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Business: BC Lions 1st Year Program For Sale
For sale is a 1st year BC Lions program. Very rare item. Is from 1954. Would look so nice in a frame!
BC Lions history http://www.bclions.com/bc-lions-year-by-year-history/
Before the Lions
Compared to the rest of the country, senior football arrived late in British Columbia. Rugby unions had been organized in all of the Prairie provinces by 1907 and the Western Canada Rugby Football Union had been formed in 1911. However, it would not be until 1926 (after the sudden collapse of the Western Hockey League) that the British Columbia Rugby Football Union was formed, and not until 1930 that the BCRFU would challenge for the right to represent the West in the Grey Cup. The Vancouver Meralomas were the most successful British Columbian team of the era. They played in the Western Final in 1930 and again in 1934, only to lose on both occasions to the Regina Roughriders of the Saskatchewan Rugby Football Union.
The BCRFU stopped challenging for the Grey Cup following the formation of the Western Interprovincial Football Union. After the BCRFU’s collapse in 1941, the Vancouver Grizzlies joined the WIFU. They played only one season, finishing 1-7, before the WIFU suspended operations for the duration of the Second World War. The Grizzlies did not return after the war.
Origin of the Lions
In 1951, a group led by Ken Stauffer and Tiny Radar were inspired by Vancouver Sun columnist Andy Lytle’s article to start a new football team in Vancouver that would play in the WIFU. The ownership group sent Radar and Orville Burke to represent them at the off-season WIFU meetings to initiate Vancouver’s bid for a team. The Burkes were told to return to the meetings the following year with a $25,000 good-faith bond if they could generate sufficient interest in the Vancouver area. The first meetings were held at the Arctic Club in November and a committee headed by Burke and Harry Spring of the Meraloma Rugby Club, set out to sell memberships at $20 each.
Though Burke, Vic Spencer, and John Davidson offered the good-faith bond to the WIFU in 1952, the idea of having a Vancouver team was rejected when both Winnipeg and Saskatchewan voted against the idea of a fifth team. The group in Vancouver, however, did not give up their efforts to have a franchise in the WIFU.
On January 22, 1953, the first annual meeting of the club was held. In that meeting, Arthur E. Mercer was hired as the club’s first president. Later in the year, Mercer, Bill Morgan, Bill Ralston, and Whit Matthews went back to the WlFU meetings. This time, they sold the idea of a fifth Western team, and Vancouver was granted a conditional franchise. They were required to provide a 15,000-seat stadium, sell at least 6,500 season tickets, and guarantee travel expenses for the visiting teams.
All the pieces began to fall into place when it was announced that Vancouver would host the 1954 British Empire and Commonwealth Games, and that it would mean the building of a new stadium – Empire Stadium, which seated 32,300 people. By Easter of 1953, Annis Stukus was then lured away from the Toronto Argonauts to return to the West to become the first public relations manager, general manager, and head coach of the franchise.
Naming the team
During the rest of 1953, a fan contest was held by all of the local media to pick the team’s new name. The nickname was chosen because it represented a local landmark and legend of the area. The nickname of the team was based on the Lions, twin mountain peaks that can be seen toward the north of Vancouver. The twin mountain peaks name was based on legend that the mountains looked like two lions guarding the city. Through this landmark and legend, the “Lions” nickname became the winner in the fan contest to become the new name of the franchise.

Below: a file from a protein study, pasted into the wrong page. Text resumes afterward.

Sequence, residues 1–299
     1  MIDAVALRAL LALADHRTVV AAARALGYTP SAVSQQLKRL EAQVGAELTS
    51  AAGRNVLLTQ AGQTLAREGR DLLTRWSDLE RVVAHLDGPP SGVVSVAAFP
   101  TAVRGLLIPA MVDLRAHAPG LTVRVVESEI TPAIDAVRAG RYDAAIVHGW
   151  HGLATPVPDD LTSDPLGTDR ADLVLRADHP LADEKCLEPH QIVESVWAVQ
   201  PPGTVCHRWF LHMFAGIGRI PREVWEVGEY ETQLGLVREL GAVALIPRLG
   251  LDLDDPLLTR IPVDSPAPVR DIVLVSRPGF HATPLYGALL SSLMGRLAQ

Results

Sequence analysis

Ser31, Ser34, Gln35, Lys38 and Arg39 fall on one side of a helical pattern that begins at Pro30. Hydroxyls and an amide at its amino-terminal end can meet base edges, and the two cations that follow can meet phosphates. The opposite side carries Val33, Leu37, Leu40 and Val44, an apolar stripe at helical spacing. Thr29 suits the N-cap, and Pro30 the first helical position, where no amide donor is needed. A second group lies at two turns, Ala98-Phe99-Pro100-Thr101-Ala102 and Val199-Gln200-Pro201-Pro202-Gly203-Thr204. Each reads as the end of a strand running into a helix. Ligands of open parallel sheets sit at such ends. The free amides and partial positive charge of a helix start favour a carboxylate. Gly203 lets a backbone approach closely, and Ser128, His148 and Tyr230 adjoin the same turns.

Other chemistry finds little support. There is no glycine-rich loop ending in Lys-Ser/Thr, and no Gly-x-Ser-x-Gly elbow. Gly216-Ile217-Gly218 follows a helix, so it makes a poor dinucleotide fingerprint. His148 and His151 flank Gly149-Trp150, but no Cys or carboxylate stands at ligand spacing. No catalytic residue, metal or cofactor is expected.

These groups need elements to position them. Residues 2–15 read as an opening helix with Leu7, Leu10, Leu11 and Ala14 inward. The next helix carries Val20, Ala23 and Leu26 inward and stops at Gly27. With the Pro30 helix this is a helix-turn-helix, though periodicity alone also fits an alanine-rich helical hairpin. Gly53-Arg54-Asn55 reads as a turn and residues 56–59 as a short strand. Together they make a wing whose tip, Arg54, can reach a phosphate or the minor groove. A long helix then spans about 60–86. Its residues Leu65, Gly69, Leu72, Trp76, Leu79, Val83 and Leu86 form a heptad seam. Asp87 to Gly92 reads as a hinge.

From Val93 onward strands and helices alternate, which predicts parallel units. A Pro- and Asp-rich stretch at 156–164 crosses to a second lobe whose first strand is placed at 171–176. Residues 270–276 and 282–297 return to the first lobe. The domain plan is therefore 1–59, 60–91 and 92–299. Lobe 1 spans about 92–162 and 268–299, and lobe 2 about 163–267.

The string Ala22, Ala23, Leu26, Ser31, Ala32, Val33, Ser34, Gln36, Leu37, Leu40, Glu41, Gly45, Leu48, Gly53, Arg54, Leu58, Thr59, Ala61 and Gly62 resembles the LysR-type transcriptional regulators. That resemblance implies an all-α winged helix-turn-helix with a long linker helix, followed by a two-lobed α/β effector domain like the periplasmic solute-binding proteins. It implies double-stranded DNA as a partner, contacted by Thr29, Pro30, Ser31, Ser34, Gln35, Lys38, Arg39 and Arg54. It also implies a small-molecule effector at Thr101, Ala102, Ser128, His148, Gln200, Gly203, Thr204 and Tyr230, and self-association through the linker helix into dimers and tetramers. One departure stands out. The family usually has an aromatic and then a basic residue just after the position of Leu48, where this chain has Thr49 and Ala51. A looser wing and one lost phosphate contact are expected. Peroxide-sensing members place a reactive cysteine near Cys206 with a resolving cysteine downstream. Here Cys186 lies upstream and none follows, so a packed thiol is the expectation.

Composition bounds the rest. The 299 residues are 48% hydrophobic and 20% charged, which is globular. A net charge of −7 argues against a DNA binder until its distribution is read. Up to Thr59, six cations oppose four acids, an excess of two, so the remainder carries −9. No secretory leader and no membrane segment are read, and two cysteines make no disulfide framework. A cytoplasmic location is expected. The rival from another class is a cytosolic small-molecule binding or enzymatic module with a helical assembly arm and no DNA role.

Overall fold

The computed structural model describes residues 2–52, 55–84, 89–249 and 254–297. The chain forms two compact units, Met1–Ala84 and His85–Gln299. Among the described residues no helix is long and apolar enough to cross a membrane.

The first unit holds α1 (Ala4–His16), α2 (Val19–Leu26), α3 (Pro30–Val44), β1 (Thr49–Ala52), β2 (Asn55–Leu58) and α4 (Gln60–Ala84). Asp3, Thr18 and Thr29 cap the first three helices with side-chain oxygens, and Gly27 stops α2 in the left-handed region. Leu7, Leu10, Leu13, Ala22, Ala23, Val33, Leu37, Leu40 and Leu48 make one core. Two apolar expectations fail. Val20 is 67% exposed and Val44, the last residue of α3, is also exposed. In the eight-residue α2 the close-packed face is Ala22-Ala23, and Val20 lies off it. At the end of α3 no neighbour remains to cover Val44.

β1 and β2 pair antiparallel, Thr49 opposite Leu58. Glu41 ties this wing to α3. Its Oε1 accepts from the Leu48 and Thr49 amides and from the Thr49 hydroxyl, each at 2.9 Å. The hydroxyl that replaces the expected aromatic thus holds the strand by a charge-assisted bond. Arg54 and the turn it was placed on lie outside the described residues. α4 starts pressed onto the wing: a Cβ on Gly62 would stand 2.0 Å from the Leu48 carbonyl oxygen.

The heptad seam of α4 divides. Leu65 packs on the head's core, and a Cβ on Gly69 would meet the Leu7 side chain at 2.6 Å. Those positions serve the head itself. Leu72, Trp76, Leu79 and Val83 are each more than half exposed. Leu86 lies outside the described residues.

After the fan contest, the Vancouver label was revealed to not be part of the team name. Though the franchise was based in Vancouver and the “Lions” name was based on a local landmark and legend, Stukus decided to reject the idea of naming the team as the Vancouver Lions. Instead, he decided that the team should represent and embrace the entire province of British Columbia. In the end, Stukus introduced the team to the entire Canadian football world as the BC Lions.
The mountain lion has a strong connection to the name of the team, as it appears in the BC Lions’ logo. The mountain lion (or cougar) had an influence on the name of the team because it is renowned for its speed, courage and strength and is carefully respected by British Columbia’s citizens as a remarkable but dangerous predator. The new team also adopted the black and orange colours of the Meralomas.
League annals show 13 Western Division regular season championships, 10 Western Division championships and six Grey Cup championships.
1954–1960, the first seasons
BC Lions’ logo from 1954 to 1968
In their 1954 inaugural season, Stukus sold football fever on the streets of Vancouver and put together a team that made history when they stepped on the field of Empire Stadium for their first home game, against the Winnipeg Blue Bombers, on Saturday, August 28, 1954. In that game, fullback Byron (By) Bailey scored the first touchdown in franchise history in an 8–6 loss to the Blue Bombers. The Lions were only able to manage a 1–15–0 record in their inaugural season. The team recorded their first franchise win, against the Calgary Stampeders, on September 18, 1954, at Empire Stadium, with By Bailey scoring the winning touchdown in a 9–4 Lions’ victory. On that night, the win caused the BC faithful to celebrate in the streets. However, celebrations like this were not common for Lions’ fans during the 1950s.